We got to Vegas. I had to check in at the gate because when you fly Southwest/ATA, even though the airlines are partnered up, they don't check you in for your connecting flight when you check in for the first one. Despite the fact that my plane landed over half an hour early, they did not have a seat for me. I was told to wait, they would call me when they had seats for us. I went to the coffee shop and bought some soymilk; in fact I had them make it chocolate because my poor baby deserved a treat. I waited. Pre-boarding started. I went up to the counter. Surely there was some mistake, they had to have a seat for me by now, they just forgot to call me. I was supposed to be pre-boarding; I was flying with a young child. They started to get snippy; I just had to wait. I was being treated like a stand-by passenger. Apparently it was a problem that I expected to get two seats next to each other for myself and my baby. The nerve! How dare I? "I will not go sit down," I told them, "I am going to stand right here until you give us our boarding passes." Regular boarding had started by now.

My completely out-of-character decision to act like a hardass worked, and I got our boarding passes. Thank God in Heaven I was using the CARES system for Brandon, and not installing a carseat. Still, installing the CARES system involves lowering the tray of the person sitting behind you so that you can slip the strap over the seat back - which is why pre-boarding is a very good thing. I apologized profusely as I asked the lady in the seat behind Brandon to lower her tray for a moment while I installed his harness. She did, I slipped the strap over the seatback, and then she immediately put it back up before I had finished adjusting and tightening it. I had to ask her to lower it again so I could finish up, again, apologizing profusely. "They wouldn't let me pre-board," I explained. "Not my problem," she sighed rudely. Oh, whatever, biznitch.

Brandon was fairly cranky, because that's just how it is: when both parents are there, the kid will be a dream, but when it's just you, they will be a handful. He slept fitfully with his head in my lap. (I thanked God every time I managed to get Brandon to fall asleep on a plane that he was still nursing.) I was so tired I was practically in tears but I couldn't sleep because the bitchy woman behind Brandon, and her two teenage daughters, had portable speakers hooked up to their headphone connection. It wasn't loud enough that I could actually hear the movie, but it was definitely enough to keep me awake.

But wait, there's more!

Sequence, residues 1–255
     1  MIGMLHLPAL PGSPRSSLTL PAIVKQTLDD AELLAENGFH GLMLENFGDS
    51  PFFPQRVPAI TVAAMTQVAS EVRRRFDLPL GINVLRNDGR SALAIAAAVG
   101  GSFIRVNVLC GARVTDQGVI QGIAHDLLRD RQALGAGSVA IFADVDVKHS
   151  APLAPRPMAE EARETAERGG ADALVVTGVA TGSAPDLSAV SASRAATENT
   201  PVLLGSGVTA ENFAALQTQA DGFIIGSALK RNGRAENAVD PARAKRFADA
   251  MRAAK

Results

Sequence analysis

Somehow had I managed to not pay attention when I was booking our return flight, to the point that I somehow booked an itinerary that involved changing planes in Maui. A minor annoyance, somewhat more major since I was flying alone with a toddler...but WAIT! When you're flying Southwest/ATA and switch to a different airline partway through your itinerary, they don't check your luggage through to your final destination. I had done curbside check-in in Philly because I had so much damn stuff: two suitcases and a damn Britax carseat, for Pete's sake, and then I had my carry-on luggage: an overnight bag, a huge-ass diaper bag, an insulated lunch bag, and BRANDON, in the Ergo carrier. I think I also had a backpack full of toys as well.

So now I had to go claim my luggage and re-check it, by myself, lugging my carry-ons, with Brandon strapped to the front of me (because I never quite got the hang of putting him on my back without help). I got myself a Smart Carte, but if a retired couple hadn't helped me get my stuff off of the carousel, I never would have managed to lift it off without falling the f*** over on top of Brandon and being carried away on the belt like some kind of sick Disneyland nightmare.

Then I got to go through security again. Did I mention that I only had a 45-minute layover between flights? Luckily, inter-island flights are like commuter trains, so if I missed my flight I would have to wait an hour at most for the next one - but I was so ready to be done with this whole ordeal that I was not about to let that happen. I ran through the terminal and got to the gate about a minute and a half before boarding started, panting and dehydrated, with nothing to drink because I had just gone through security. They served drinks on board - guava "nectar", meaning water and high fructose corn syrup, with a token 5% juice. Oh for the love of Christ.

The absolute last straw? I called Brian before I got on the plane in Maui. It is a 25-minute flight. We live less than 10 minutes from the Honolulu airport. So, naturally, I expected to see him waiting for us at baggage claim. Was he? Nope. I had to call him again from baggage claim to ask where he was, at which point he told me that he hadn't left home yet. What? So then I got to wait for a half an hour for him to get to the airport, find a parking spot, and make his way to the baggage claim area, while I sat on our pile of luggage like a roosting bird and tried to keep a very tired, very bored toddler from running away from me because I certainly couldn't leave my baggage unattended in order to chase after him. I had warned Brian that Brandon might have a total breakdown and start crying when he saw him, since it had been almost two weeks and he had missed him so much and he would be so relieved to see him. Brandon just smiled and said, "Hi!" I, however, burst into tears and started yelling.

And THAT, ladies and gentlemen, is why we don't go home for "vacation".


Mother Hoodwink said...

Good grief. At least you got that cute picture of Brandon snuggling on you in his little sailor outfit when you were on that trip. And of course all the watermelon shots of Brian's family.

Also, your use of "on" instead of "in" line kept reminding me what a Southerner I am.

Kerry said...

I didn't even notice that. "On line" and "in line" are pretty interchangeable for me, I never really noticed that I used one more than the other.

Those watermelon shots...I don't even know what those are all about.

dawn224 said...

omg. you deserve big win for this. poor thing!